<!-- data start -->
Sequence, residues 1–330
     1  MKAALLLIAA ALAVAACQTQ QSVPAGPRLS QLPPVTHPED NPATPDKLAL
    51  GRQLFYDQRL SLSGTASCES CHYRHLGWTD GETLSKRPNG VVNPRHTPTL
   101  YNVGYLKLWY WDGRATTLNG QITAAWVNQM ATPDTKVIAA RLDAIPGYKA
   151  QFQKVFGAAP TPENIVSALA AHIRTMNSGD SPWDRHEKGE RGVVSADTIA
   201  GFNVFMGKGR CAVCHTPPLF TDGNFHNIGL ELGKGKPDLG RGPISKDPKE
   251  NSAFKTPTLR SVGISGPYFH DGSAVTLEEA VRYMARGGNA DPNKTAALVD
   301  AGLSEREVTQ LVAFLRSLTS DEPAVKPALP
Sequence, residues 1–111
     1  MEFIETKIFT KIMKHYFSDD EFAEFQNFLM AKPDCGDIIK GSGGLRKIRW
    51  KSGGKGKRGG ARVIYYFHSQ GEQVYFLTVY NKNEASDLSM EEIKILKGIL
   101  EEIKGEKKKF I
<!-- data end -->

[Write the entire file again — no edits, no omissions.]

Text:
Sequence, residues 1–330
     1  MKAALLLIAA ALAVAACQTQ QSVPAGPRLS QLPPVTHPED NPATPDKLAL
    51  GRQLFYDQRL SLSGTASCES CHYRHLGWTD GETLSKRPNG VVNPRHTPTL
   101  YNVGYLKLWY WDGRATTLNG QITAAWVNQM ATPDTKVIAA RLDAIPGYKA
   151  QFQKVFGAAP TPENIVSALA AHIRTMNSGD SPWDRHEKGE RGVVSADTIA
   201  GFNVFMGKGR CAVCHTPPLF TDGNFHNIGL ELGKGKPDLG RGPISKDPKE
   251  NSAFKTPTLR SVGISGPYFH DGSAVTLEEA VRYMARGGNA DPNKTAALVD
   301  AGLSEREVTQ LVAFLRSLTS DEPAVKPALP
Sequence, residues 1–111
     1  MEFIETKIFT KIMKHYFSDD EFAEFQNFLM AKPDCGDIIK GSGGLRKIRW
    51  KSGGKGKRGG ARVIYYFHSQ GEQVYFLTVY NKNEASDLSM EEIKILKGIL
   101  EEIKGEKKKF I